After issuing licenses to three companies from a pool of 43, the Texas Department of Public Safety, which oversees regulation, is not currently accepting new applications. That temporary cap irked the Texas Cannabis Industry Association, a coalition that includes 10 rejected dispensary applicants. In August, the group sent a complaint to DPS charging that the department changed the number of licenses to be handed out from 12 to three with “no explanation to support the abrupt change,” thus violating the Administrative Procedure Act. The group has called on the state to begin a second round of applications and issue at least nine additional provisional licenses. According to DPS, the number of licenses awarded was based on an analysis of other states’ compassionate-use programs, the number of patients in Texas with intractable epilepsy, and the law’s requirements. A decision to increase the number of participating dispensaries will be made “if and when it is determined that more licenses are required in order to ensure reasonable statewide access.”
Compassionate Cultivation is the sole Texas dispensary that’s headquartered within the state. Denton, a native Austinite, said his company is rooted in the city, with no plans to take their business to another state. “We’re not here to leverage our experience and go elsewhere,” he said. “This is our home, these are our people, these are our neighbors, and they have been for decades.”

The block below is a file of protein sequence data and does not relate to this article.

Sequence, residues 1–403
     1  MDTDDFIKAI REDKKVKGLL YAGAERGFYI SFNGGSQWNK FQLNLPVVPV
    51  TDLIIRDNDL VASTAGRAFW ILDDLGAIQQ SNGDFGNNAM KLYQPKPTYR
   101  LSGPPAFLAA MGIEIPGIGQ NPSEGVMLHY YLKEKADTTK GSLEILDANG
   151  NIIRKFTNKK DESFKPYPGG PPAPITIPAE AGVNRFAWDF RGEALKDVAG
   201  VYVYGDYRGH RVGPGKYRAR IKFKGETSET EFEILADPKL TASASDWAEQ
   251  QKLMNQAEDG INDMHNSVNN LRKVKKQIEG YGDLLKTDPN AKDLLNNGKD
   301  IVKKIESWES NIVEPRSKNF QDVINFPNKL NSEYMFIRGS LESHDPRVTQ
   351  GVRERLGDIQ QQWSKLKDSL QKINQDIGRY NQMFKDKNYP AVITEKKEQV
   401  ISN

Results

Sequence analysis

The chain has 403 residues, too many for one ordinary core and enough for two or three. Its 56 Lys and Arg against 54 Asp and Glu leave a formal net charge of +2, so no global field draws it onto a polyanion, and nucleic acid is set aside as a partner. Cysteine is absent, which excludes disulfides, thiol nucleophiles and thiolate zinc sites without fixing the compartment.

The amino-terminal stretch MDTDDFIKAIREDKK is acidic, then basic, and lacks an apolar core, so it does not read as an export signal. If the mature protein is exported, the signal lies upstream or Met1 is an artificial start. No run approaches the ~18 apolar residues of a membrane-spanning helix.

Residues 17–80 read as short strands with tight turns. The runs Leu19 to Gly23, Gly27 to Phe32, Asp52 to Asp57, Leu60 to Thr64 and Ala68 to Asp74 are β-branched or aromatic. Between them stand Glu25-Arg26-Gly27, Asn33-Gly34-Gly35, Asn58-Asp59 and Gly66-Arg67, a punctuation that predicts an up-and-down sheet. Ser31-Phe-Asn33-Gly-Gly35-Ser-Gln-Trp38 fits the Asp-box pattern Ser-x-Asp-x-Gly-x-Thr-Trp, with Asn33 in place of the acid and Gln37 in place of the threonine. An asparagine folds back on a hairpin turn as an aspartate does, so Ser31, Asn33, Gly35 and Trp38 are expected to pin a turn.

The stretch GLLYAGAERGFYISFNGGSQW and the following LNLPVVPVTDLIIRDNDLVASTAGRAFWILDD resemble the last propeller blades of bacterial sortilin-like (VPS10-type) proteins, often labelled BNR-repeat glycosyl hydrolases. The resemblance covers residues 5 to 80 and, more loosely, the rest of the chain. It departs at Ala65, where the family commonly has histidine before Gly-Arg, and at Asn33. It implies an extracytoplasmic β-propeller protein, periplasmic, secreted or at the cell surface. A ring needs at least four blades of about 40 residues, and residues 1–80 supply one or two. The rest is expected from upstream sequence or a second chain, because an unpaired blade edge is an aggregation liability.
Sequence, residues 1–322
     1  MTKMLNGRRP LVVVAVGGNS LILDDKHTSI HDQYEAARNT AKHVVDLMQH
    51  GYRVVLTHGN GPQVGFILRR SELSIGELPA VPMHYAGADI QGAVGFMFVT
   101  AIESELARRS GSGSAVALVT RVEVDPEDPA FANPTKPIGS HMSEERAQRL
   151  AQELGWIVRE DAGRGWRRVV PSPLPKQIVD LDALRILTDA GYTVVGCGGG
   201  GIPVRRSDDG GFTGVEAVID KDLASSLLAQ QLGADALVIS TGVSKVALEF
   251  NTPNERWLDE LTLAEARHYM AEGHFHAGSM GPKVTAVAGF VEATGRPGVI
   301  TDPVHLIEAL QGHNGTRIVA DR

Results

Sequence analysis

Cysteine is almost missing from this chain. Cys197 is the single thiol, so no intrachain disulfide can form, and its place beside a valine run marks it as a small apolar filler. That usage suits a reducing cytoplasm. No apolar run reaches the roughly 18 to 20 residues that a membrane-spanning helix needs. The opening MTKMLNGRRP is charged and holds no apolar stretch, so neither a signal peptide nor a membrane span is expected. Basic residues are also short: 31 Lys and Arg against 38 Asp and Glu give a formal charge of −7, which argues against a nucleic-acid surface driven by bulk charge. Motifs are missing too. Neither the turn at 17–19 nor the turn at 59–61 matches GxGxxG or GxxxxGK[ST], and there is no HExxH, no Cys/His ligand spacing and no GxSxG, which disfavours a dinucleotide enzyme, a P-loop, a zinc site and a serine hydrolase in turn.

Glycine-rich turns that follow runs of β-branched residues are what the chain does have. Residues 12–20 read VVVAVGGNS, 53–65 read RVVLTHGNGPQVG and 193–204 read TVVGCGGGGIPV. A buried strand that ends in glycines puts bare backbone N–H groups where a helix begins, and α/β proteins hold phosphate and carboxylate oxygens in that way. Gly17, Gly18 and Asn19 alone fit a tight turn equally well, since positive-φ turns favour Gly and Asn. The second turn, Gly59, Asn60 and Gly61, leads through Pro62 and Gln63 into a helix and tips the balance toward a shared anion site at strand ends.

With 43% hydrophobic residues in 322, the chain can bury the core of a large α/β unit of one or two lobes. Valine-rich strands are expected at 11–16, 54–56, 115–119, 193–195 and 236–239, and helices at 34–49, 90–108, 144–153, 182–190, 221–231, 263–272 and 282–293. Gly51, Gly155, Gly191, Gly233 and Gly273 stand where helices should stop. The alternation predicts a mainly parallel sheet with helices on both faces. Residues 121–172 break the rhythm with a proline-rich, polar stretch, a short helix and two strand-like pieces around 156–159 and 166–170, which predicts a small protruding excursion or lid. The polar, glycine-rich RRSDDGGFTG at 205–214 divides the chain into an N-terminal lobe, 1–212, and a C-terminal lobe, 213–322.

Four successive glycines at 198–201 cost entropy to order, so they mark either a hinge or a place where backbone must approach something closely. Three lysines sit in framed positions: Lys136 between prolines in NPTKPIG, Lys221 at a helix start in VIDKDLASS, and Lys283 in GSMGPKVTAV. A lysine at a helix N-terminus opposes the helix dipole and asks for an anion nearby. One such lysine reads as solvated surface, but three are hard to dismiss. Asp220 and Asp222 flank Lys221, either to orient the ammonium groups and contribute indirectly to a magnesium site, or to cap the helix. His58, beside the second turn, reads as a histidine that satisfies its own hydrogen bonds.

A One-Word Problem
Sindi Rosales, founder and CEO of the Epilepsy Foundation of Central & South Texas, had never heard of the CBD-rich oil as a treatment for epilepsy. But when she was approached by concerned parents of children with Dravet syndrome, a rare and serious form of the disorder, it became clear to her that medicinal marijuana could be a game-changing solution. Her group and affiliate organizations in Texas proved the “driving force” behind Ft. Worth Republican Rep. Stephanie Klick’s Compassionate Use Act in 2015, heavily lobbying the Texas Legislature and drafting the legislation itself. “It was absolutely a grassroots effort,” said Rosales. “It landed in our lap and we had no set plans, no budget. We didn’t prepare for it. It was really just parents carrying the message. We were probably as surprised and shocked as anyone when we were successful at getting it passed.”
Klick said she was moved by the story of a constituent’s granddaughter with Dravet, who at one point landed in the hospital after a string of intense seizures collapsed her respiratory system and forced her to use a ventilator. “I researched the risk these kids take when treating symptoms with drugs,” she said. “And [medical cannabis] is a safe alternative to get some relief.” She notes that five children in Texas passed away from intractable epilepsy while she was pushing her legislation, intensifying its urgency. (Last Tuesday, Compassionate Cultivation announced plans to name its first strain the Klick Strain to honor the state representative. Denton will also name one of Compassionate Cultivation’s rooms after Klick. Asked how it feels, as a conservative Republican, to have a marijuana grow room named in her honor, Klick called it “definitely different,” and quickly stressed her goal is to remedy patient suffering.)